Should parents be held responsible for the crimes of their children?
|Topics:||Parenting, Foster Care, Juvenile Delinquency, 🔪 Crime, 👨🏻⚖️ Criminal Justice|
In the recent years, there has been great debate on whether parents should be held liable for their children’s wrongdoing. Laws in many states such as the US provides that a parent should be held responsible for their children’s offenses (Geis, Gilbert, Arnold Binder, 2012). The government views this as a way to manage youth crime. It blames parents for failing to impart acceptable morals to their children. To the government, the best way to improve parental responsibility is by imposing financial penalties (Arthur, 233). I concur with the move of having parents take responsibility for their children’s behavior. The following are instances that support the need to hold a parent responsible:
A child can willfully commit an act that consequently leads to damage to property. Children can sometimes act recklessly by throwing stones on someone’s house or car. Such actions present their parent as negligent. They have not warned their children about the harm that can be caused by dangerous objects. The parent in most cases has poor child-rearing skills. Because the child committed the act willfully, it indicates that they might have committed it in the past and went unpunished. In Texas Family code, the parent of the child with age of between 10 and 18 will be required to pay a fine of $2500 (Johnson). This move informs parents the importance of being keen, and failure to do so have consequences.
When parents are irresponsible and unavailable to guide children, they should be blamed for the negative actions of their children. Parents who are on drugs are many times considered irresponsible with their children. They are rarely available to guide their children and foster good parental bonding (Arthur, 245). Their children lack a role model which impacts on their behavior. Such children tend to steal or peddle drugs because their parents are rarely around to support them financially and behaviorally. In such situations, I think the parent should be held responsible for their omission of duty.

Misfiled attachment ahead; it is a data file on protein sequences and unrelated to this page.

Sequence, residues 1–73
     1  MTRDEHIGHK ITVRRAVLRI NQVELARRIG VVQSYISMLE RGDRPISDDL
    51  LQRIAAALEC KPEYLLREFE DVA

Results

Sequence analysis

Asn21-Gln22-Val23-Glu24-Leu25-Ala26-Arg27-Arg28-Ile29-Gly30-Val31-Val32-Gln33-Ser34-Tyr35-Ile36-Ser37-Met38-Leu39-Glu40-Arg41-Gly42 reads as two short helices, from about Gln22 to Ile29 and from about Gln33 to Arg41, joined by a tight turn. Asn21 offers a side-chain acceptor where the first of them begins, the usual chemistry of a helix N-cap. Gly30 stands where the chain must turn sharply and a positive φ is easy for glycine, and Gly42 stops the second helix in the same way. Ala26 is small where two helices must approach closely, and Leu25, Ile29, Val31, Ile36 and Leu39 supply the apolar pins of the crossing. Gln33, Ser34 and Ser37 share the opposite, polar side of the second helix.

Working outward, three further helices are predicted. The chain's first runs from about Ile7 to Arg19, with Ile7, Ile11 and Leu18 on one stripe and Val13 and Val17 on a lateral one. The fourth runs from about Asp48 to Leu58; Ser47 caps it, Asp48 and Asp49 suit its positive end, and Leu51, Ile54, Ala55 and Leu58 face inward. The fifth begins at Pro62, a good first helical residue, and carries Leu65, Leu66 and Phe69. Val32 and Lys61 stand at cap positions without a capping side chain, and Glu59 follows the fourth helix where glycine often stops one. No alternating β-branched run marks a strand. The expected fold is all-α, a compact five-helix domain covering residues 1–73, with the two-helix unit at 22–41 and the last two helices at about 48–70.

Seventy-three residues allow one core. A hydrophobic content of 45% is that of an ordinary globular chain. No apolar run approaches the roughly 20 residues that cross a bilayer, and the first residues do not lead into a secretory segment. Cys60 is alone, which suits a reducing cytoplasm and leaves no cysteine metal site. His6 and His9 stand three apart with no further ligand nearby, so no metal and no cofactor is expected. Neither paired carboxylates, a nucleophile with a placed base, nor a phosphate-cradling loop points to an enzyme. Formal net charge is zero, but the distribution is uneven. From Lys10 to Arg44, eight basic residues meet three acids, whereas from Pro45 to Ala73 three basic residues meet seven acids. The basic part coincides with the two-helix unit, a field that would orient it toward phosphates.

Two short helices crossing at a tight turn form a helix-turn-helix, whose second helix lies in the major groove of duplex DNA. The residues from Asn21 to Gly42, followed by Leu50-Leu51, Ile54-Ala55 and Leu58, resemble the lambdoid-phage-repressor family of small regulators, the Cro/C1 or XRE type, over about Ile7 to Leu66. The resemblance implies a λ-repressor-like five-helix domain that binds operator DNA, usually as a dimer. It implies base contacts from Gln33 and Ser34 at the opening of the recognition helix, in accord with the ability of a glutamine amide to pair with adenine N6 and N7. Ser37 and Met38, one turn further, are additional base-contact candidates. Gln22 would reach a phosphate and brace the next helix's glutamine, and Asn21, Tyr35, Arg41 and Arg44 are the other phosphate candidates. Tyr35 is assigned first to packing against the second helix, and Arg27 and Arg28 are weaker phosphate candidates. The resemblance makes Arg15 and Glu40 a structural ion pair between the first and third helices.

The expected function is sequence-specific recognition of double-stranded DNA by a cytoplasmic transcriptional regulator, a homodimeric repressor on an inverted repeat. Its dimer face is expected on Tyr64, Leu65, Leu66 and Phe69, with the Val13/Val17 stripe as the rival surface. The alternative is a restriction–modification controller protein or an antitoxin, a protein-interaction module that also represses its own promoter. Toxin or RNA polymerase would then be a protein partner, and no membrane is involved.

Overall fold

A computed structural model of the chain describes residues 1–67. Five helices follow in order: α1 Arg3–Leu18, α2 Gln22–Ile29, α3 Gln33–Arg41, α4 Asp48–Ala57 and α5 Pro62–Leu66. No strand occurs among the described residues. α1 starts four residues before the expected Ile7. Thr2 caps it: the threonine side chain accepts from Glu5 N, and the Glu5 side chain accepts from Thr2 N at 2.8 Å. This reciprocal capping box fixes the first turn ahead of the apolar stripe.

When a parent fails to control a child or inform and warn others about the dangers of associating with the child, there is need to punish the parent. A parent may know that their child has previously molested another child (Johnson). If someone comes into their home with a child, the parent should tell the parent of their child’s previous behavior. Failure to, is the omission of vital information and the parent should be held responsible if their child commits the same act. The child’s action was foreseeable, and hence the parent has culpability. The parent failed to control his/her child in such a way to prevent future occurrence of similar mistakes. In such circumstances, the parent should face the law. Also, parents should take responsibility when they entrusts objects or actions to their children (Johnson). A parent may give his/her child an object such as a car with full knowledge that the child cannot drive, is inexperienced or has medical conditions such as poor eyesight. The child’s use of the car poses a risk to himself or others. In such situation, a parent should be held liable for the crime committed.
As presented above, we can conclude that parents are the custodians of their children. They should be close to them to provide family bonding and impart good morals while being good role models to them. Parents should avoid negligence, the omission of duty, irresponsibility, and failure to control as all this affects their children. Children grow to become what they are taught. Therefore, the law should not hesitate to hold parents responsible for the crimes committed by their children.
- Arthur, Raymond. “Punishing parents for the crimes of their children.” The Howard Journal of Crime and Justice 44.3 (2005): 233-253.
- Johnson, David. “Holding Parents Responsible For Their Children’s Crimes.” (2017): n. page. Web. 30 Nov. 2017.
- Geis, Gilbert, and Arnold Binder. “Sins of their children: Parental responsibility for juvenile delinquency.” Notre Dame JL Ethics & Pub. Pol’y 5 (2012): 303.